The mass protests in Tibet in 2008, followed by the ongoing upsurge in self-immolations by Tibetans, indicate the increased frustration amongst Tibetans and their fear that the Dalai Lama may never return to Tibet. This radicalisation shows that anti-colonial sentiments, rather than external influences, shape how Tibetans assert their political identity. China knows there is nothing India or any other country can do to prevent this type of protest. So far, it remains unwilling to ameliorate conditions in Tibet, where sections of Tibetans are unsuccessfully campaigning to retain their cultural and religious autonomy, or even offer hope by restarting negotiations with the Dalai Lama.

India too has limited control over how the situation will unfold in the Tibetan plateau after the leadership of the fourteenth Dalai Lama. All India can do is give space to Tibetans to chart their future in exile.

If the Chinese adopt the same approach over the succession of the Dalai Lama, as they did over the Panchen Lama – the second-highest religious figure in Tibet after the Dalai Lama – leading to two competing candidates and two Dalai Lamas, one in exile and one propped by Beijing, it will end all hope of a future dialogue between Beijing and the Tibetans, and will further radicalise the Tibetan movement.

China may avoid finding its own Dalai Lama but withhold recognition of the one discovered by Tibetans in exiles, and use granting recognition as a bargaining chip in future Sino-Tibetan negotiations. Any effort by India to try to influence the recognition process would be detrimental to the Tibetan struggle and India’s reputation.

The Tawang tract, where Mons are the dominant Tibetanised ethnic group, is one possible location where the next reincarnation of the Dalai Lama may be discovered. Tawang was also the birthplace of the Sixth Dalai Lama a few centuries ago. However, the Chinese assertion over Tawang in recent years is related more to the dynamics of Sino-Indian border negotiations, where the emphasis has shifted to sector-by-sector discussion to maximise claims in each sector.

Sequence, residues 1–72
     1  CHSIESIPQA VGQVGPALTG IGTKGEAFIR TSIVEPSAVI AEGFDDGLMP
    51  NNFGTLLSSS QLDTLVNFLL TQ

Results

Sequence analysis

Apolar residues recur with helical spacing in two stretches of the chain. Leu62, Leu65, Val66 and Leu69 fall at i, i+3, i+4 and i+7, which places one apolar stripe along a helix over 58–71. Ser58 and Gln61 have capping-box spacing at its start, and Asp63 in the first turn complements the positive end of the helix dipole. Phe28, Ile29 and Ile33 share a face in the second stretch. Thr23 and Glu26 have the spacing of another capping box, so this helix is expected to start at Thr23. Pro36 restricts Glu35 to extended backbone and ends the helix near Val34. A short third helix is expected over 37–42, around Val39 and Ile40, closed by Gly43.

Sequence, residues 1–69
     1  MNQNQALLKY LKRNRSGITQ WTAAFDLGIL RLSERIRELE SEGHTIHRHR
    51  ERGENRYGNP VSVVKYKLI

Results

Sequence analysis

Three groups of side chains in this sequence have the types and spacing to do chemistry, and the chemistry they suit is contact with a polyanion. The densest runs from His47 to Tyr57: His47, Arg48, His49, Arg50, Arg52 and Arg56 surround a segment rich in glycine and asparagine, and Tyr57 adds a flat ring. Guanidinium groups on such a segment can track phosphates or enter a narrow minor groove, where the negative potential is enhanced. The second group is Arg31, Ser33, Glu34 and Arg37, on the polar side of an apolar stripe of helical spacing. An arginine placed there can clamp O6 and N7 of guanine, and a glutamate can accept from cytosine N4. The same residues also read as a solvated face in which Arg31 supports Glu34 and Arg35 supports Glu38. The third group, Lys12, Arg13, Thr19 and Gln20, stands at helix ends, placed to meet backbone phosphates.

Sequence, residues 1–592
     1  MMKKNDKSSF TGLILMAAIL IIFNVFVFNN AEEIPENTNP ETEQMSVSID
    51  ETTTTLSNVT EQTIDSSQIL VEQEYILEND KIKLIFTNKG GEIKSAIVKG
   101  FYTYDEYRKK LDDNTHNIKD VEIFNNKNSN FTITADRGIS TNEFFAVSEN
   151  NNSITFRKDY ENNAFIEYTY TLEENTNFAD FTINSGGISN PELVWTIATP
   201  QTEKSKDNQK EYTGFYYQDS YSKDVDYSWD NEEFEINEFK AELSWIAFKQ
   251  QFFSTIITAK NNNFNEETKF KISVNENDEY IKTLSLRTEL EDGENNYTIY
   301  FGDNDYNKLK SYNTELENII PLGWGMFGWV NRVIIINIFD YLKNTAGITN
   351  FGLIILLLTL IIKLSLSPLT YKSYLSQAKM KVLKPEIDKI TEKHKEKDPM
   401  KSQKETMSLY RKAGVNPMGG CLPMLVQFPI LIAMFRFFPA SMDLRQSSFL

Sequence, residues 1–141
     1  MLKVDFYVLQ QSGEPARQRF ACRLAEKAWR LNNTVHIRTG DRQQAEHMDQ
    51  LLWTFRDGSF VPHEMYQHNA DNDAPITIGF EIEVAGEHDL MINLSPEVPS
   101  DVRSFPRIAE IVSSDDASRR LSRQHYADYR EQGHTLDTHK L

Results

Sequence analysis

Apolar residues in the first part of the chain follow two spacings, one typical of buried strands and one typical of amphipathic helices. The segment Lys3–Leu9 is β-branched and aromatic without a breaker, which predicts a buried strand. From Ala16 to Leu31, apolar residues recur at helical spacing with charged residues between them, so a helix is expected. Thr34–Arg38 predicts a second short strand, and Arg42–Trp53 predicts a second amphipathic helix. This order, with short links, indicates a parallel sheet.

What are the policy options for India? India cannot retract its recognition of Tibet as part of China’s sovereignty. But India should recognise the importance of Tibetans for India’s security. Security in the Himalayan borderlands does not come only from only a military build-up in which India cannot surpass China, or new border infrastructure, but also from the pro-India sentiments of its inhabitants. That pro-India sentiment arises from the significance of India for Tibetans. India must closely study the uncertainties of the post-Dalai Lama scenario while continuing to support and provide hospitable space to all Tibetan Buddhist leaders.

The role of the Karmapa, the third-highest religious leader in Tibetan Buddhism and the highest figure in exile after the Dalai Lama, is crucial. He is the only Tibetan figure who can carry on the Dalai Lama’s legacy of compassion, non-denominational Buddhism, and the message that the Tibet issue means more than the integrity of a nation. The Karamapa can act as a soft power source for India while the Fifteenth Dalai Lama is discovered. But if the Indian security establishment refuses to give him the space needed to grow in stature, India could lose the buffer that Tibetan religious exiles form against Chinese power in the region.

On the border, the only possible solution is to accept the status quo, something akin to what Zhou Enlai proposed in 1960. But if India could not accept it then, how will it accept it today? As for China, as it becomes a global power and faces major conflicts over its maritime boundaries, it has to decide if it wants to have a perpetually suspicious India to its south. China’s perception of closer Indo-U.S. relations will play an important role here.

The border dispute may remain unresolved in the near future. But both countries have to be more concerned about improving, through pro-people development, the lives of Tibetans in China and Tibetan refugees, as well as Indians in Ladakh, Sikkim and Arunachal Pradesh who are ethnically and religiously part of the Tibetan cultural world. Only upgrading military infrastructure will not work. The future course of Sino-Tibetan relations will affect Sino-Indian relations. India should be proactive, not reactive, in maintaining a dynamic Tibetan diaspora – India’s real security guarantee in the Himalayan border regions.

Dr Dibyesh Anand is Associate Professor of International Relations at Westminster University in London and author of Tibet: A victim of geopolitics, and a forthcoming book on the China-India border dispute.